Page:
Inducible transgenic tobacco system to study the mechanisms underlying chlorosis mediated by the silencing of chloroplast heat shock protein 90
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Chlorosis is one of the most common symptoms of plant diseases, including those caused by viruses and viroids. Recently, a study has shown that Peach latent mosaic viroid (PLMVd) exploits host RNA silencing machinery to modulate the virus disease symptoms through the silencing of chloroplast-targeted heat shock protein 90 (Hsp90C). To understand the molecular mechanisms of chlorosis in this viroid disease, we established an experimental system suitable for studying the mechanism underlying the chlorosis induced by the RNA silencing of Hsp90C in transgenic tobacco. Hairpin RNA of the Hsp90C-specific region was expressed under the control of a dexamethasone-inducible promoter, resulted in the silencing of Hsp90C gene in 2 days and the chlorosis along with growth suppression phenotypes. Time course study suggests that a sign of chlorosis can be monitored as early as 2 days, suggesting that this experimental model is suitable for studying the molecular events taken place before and after the onset of chlorosis. During the early phase of chlorosis development, the chloroplast- and photosynthesis-related genes were downregulated. It should be noted that some pathogenesis related genes were upregulated during the early phase of chlorosis in spite of the absence of any pathogen-derived molecules in this system.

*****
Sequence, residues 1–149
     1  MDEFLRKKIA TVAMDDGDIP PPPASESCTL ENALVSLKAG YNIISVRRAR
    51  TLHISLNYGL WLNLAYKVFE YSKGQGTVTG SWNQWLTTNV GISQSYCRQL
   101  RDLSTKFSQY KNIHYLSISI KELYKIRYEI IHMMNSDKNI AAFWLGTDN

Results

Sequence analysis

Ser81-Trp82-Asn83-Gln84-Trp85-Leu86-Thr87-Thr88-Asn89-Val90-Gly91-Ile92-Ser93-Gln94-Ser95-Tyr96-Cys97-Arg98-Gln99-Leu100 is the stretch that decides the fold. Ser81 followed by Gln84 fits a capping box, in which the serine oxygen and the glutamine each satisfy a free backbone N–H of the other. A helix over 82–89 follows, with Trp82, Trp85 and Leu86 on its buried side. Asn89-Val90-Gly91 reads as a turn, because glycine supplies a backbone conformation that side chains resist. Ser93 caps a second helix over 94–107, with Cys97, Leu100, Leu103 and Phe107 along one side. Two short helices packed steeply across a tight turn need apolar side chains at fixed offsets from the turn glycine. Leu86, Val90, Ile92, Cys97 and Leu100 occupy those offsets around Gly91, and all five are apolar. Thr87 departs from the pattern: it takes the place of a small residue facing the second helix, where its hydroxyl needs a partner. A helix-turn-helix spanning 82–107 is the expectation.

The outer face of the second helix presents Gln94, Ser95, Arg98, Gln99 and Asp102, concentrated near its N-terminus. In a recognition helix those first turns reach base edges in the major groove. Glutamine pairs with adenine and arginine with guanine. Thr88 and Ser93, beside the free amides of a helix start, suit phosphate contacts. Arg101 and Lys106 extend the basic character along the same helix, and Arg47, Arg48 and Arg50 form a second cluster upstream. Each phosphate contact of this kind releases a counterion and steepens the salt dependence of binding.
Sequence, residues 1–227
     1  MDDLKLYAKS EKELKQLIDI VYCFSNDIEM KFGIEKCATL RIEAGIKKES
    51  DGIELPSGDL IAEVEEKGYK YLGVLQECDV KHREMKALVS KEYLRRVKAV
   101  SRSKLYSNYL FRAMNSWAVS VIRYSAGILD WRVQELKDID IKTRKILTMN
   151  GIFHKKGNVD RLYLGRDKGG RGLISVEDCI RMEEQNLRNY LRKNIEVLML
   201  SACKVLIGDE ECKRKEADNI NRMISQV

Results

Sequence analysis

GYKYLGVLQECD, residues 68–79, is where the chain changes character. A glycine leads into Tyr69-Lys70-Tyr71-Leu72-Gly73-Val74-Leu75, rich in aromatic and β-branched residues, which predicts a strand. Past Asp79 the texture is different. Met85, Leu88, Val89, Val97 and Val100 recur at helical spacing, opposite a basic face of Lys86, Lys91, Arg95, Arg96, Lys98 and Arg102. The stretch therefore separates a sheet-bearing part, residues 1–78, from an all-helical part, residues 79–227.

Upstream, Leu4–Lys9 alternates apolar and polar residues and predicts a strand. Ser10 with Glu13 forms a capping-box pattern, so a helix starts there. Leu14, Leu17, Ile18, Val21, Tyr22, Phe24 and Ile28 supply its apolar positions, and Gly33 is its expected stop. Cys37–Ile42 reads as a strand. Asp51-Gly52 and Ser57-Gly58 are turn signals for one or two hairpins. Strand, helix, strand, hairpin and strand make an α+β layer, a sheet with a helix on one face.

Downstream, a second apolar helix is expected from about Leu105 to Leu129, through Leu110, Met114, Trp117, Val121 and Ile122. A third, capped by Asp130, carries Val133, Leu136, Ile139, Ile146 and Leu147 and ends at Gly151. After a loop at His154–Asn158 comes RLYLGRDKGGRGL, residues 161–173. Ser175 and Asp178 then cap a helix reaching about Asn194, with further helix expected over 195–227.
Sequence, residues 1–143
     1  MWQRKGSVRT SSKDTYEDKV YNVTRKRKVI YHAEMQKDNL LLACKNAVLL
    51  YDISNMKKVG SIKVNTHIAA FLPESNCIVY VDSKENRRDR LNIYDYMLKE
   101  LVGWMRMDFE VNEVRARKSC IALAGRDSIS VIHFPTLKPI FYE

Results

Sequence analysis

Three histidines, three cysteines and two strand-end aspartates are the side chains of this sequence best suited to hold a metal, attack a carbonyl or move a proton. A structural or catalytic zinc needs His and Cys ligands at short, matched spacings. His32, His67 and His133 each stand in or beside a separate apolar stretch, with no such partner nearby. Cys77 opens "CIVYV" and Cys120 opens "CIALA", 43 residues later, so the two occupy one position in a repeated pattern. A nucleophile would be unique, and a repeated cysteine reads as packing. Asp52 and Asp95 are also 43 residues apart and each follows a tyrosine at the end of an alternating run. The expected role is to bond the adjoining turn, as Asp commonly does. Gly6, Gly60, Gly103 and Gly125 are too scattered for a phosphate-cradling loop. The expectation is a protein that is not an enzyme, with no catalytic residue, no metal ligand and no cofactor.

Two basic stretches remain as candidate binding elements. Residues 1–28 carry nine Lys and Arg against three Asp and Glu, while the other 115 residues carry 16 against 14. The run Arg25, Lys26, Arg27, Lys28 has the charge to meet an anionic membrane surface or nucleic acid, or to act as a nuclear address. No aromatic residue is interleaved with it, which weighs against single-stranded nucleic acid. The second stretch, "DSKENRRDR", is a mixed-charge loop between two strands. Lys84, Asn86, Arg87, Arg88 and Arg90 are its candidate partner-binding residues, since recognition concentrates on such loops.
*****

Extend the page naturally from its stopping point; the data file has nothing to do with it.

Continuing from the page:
KeywordsChlorosis Chloroplast Hsp90 Inducible silencing Viroid
We thank Kazue Obara for technical assistance. This study was supported in part by The United Graduate School of Agricultural Sciences, Ehime University, and JSPS KAKENHI grants 26292026 and 15K14664 to Kobayashi. Bhor has been supported by Rotary Yoneyama Memorial Foundation.
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